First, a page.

Chief Financial Officer
“In for-profit, you have shareholders. The focus here is a little bit different,” said Cheryl Harmon of St. Vincent, one of the state’s leading employers, with 20 health care facilities. “Our mission talks about serving the poor and vulnerable, making sure service is offered to all.” Harmon has been credited with helping build the culture and vision of the organization, including forging new partnerships, improving revenue capture, and establishing a greater focus on growth and efficiency.
Education: Harmon’s credentials include a bachelor’s in health information management from the University of Wisconsin and an MBA from the University of Texas at Austin.
The road: “I had a unique career path,” noted Harmon, who began her professional life not in accounting or finance but in the Healthcare Information Department at Milwaukee County Medical Complex. She was recruited to St. Mary’s Health Network in Reno, Nevada, where her responsibilities increased as she completed her MBA. The headhunting continued and she was lured to Provena Health System in 2002 as a regional vice president and chief financial officer for the system’s southern Illinois hospitals and later promoted to senior vice president of development for the region. Porter Memorial Hospital came calling as it sought help with a turnaround. When it was acquired by Community Health Systems, she stayed, becoming CFO. She was recruited to St. Vincent in early 2015.
Major organization achievements during her tenure: While a relatively recent addition to the team, Harmon has created partnerships and joint ventures with key physician partners, improved scheduling and pre-registration processes to increase access for patients, and led a shift in culture among St. Vincent’s financial team to “a more strategic and matrixed function rather than technical,” she said. “This shift included organizational structure changes, driving clarity around responsibilities in the market, and development of transparency among ministries, which is driving a culture of accountability and partnership within our market to allow us to continue to serve our mission.”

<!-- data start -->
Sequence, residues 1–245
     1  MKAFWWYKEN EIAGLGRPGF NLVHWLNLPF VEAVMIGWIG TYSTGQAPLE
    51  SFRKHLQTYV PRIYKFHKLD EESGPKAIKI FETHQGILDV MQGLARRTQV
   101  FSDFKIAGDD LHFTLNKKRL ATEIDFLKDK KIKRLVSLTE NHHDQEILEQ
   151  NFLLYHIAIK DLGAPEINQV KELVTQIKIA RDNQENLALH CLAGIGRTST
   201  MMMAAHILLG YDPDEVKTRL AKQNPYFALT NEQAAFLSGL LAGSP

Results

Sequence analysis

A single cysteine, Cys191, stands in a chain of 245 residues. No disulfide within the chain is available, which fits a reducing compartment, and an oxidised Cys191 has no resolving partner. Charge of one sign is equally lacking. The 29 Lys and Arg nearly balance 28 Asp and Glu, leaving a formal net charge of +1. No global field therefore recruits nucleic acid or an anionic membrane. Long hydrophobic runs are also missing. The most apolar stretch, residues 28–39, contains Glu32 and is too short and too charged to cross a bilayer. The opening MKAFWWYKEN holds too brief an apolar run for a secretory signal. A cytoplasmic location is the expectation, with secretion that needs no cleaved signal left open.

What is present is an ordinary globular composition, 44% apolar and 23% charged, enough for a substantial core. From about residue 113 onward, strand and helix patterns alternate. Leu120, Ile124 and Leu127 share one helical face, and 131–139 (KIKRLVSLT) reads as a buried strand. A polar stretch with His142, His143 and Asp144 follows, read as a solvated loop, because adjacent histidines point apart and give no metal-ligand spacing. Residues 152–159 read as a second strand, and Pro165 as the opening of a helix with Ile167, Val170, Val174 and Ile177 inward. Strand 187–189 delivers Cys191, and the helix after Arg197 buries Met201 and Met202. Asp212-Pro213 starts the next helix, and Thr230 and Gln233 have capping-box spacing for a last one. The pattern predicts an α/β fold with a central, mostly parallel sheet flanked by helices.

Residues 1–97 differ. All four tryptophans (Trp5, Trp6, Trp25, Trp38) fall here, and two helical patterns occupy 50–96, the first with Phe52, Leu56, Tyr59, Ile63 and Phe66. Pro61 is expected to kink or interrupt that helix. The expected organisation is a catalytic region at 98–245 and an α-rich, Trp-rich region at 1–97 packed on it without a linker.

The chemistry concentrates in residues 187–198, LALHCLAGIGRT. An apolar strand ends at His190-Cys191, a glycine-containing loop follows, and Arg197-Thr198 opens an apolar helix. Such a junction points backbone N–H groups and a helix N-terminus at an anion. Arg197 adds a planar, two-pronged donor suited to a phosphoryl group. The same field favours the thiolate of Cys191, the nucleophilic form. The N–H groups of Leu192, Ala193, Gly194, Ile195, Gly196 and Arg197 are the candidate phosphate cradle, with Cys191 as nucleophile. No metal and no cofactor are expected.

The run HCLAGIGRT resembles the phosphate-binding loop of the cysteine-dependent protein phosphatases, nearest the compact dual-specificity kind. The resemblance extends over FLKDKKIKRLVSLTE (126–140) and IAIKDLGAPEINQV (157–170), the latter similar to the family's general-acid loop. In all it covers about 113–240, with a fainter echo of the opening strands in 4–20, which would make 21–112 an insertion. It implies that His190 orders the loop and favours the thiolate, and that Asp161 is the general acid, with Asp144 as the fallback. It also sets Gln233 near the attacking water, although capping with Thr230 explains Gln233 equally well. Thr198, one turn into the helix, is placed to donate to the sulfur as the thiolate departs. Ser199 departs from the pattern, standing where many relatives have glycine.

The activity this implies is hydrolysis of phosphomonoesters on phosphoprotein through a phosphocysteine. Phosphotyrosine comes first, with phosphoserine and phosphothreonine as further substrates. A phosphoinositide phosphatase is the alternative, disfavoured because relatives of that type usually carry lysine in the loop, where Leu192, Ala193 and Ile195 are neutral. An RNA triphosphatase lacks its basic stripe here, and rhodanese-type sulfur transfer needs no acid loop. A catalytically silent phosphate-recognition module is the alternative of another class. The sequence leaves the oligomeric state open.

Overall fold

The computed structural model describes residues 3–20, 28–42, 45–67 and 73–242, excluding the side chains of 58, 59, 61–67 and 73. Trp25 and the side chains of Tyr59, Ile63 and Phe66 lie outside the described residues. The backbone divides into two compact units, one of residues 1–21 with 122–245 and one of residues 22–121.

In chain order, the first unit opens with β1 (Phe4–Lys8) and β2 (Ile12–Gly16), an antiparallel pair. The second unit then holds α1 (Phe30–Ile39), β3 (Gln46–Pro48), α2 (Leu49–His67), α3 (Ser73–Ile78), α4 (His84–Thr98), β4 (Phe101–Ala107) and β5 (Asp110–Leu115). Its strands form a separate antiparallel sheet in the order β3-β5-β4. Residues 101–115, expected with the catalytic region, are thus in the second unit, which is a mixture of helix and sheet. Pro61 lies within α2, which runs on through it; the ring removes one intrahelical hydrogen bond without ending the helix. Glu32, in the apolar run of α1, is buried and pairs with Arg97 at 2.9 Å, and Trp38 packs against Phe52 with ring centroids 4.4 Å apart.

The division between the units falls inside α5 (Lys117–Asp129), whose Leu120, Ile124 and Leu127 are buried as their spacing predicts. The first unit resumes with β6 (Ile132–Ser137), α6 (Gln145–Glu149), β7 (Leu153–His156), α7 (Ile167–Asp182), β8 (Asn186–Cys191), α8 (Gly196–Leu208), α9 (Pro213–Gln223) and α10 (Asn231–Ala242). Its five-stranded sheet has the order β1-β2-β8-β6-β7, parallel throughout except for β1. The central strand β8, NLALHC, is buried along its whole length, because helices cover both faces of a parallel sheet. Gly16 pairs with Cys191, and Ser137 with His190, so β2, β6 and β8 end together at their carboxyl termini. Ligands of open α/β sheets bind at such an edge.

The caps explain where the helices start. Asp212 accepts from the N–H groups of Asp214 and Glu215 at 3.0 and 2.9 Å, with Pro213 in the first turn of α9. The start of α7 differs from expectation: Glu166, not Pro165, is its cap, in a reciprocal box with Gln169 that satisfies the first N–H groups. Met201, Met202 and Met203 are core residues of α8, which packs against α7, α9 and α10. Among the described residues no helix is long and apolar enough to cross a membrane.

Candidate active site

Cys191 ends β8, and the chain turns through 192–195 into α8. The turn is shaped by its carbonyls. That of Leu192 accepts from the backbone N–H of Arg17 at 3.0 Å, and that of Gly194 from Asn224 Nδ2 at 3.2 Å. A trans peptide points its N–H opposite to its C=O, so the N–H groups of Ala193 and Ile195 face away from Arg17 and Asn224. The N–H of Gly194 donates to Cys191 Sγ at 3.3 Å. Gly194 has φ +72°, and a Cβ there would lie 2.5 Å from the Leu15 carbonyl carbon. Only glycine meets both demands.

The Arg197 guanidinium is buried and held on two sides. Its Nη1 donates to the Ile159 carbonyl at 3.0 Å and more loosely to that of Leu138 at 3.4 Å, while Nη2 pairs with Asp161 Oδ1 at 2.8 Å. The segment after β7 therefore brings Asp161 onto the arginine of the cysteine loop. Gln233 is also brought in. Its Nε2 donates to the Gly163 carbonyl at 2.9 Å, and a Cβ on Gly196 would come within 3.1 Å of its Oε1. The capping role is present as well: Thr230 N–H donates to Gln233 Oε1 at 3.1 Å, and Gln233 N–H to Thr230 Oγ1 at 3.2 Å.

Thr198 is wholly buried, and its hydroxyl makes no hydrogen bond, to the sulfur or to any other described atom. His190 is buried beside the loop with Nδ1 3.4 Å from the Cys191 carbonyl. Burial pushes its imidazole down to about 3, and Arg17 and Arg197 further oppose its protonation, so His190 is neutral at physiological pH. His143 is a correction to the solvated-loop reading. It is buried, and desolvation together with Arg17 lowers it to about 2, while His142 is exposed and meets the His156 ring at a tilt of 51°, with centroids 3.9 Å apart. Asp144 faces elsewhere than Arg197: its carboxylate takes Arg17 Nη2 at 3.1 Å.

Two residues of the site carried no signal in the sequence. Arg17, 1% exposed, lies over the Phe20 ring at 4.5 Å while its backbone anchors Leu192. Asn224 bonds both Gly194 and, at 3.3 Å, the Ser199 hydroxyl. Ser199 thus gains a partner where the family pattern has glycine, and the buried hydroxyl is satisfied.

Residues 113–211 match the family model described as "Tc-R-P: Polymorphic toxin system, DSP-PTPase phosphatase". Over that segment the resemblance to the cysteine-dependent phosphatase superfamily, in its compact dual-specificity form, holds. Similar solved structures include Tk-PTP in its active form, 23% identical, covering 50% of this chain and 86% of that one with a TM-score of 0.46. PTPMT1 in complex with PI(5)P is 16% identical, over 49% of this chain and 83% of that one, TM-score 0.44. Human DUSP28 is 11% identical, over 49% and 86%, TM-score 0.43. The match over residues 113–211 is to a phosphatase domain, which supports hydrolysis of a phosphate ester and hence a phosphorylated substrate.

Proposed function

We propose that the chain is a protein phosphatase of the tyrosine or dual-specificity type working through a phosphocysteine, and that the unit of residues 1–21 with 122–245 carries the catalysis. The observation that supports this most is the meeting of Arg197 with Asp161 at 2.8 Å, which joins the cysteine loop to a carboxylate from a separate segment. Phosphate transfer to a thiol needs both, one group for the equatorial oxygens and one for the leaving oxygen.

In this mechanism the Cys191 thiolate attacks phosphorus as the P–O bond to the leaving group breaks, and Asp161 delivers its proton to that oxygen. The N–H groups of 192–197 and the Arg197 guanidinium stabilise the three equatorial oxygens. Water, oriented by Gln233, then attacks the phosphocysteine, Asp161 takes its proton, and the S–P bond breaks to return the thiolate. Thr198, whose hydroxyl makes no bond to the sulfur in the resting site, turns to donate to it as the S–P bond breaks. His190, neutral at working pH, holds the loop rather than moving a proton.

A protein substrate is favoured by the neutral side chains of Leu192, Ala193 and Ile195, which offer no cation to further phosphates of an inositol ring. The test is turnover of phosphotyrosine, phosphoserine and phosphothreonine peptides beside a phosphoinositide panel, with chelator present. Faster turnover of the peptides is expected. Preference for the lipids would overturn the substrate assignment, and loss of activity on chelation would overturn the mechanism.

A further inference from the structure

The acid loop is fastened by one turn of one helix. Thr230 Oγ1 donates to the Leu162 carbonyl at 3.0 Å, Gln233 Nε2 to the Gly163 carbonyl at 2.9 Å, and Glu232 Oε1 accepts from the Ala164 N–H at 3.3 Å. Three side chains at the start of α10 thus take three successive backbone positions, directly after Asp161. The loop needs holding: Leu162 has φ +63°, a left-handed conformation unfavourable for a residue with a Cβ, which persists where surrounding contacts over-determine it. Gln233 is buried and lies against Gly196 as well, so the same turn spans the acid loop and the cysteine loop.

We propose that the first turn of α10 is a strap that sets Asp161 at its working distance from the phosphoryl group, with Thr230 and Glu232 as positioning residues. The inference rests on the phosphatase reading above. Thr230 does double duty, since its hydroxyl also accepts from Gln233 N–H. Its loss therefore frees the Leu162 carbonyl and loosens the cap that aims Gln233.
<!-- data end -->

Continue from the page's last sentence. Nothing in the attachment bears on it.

Recent business challenge: “We recently were faced with a go/no-go decision on a large software implementation,” she said. “By pulling the stakeholders together and identifying the barriers to a successful implementation, we were able to identify action plans that all parties supported and, although we chose to delay 45 days, the actions put in place resulted in a successful conversion where all parties owned the process and the result.”
Management style: “My leadership style has evolved with every team I’ve been with,” Harmon said. “It’s easy to set a vision and say, ‘Let’s all go,’ but you don’t gain traction unless you know where they are all coming from.” She also said she’s learning to be “a little more visionary—not just serving today but working on what will serve us in the future.”
Beyond the office: A pet project of Harmon’s is St. Vincent’s Rural and Urban Access to Health. “Access to health care could mean getting food on the table. It can mean having shelter. It can mean transportation to and from health care. It could be helping with insurance or translation. … We set up a foundation fund and seeded it so that people can give and be recognized for it.” She’s also a board member for Carmel’s Center for the Performing Arts.
Downtime: “I love to travel and explore other cultures.” Italy is a favorite spot.•
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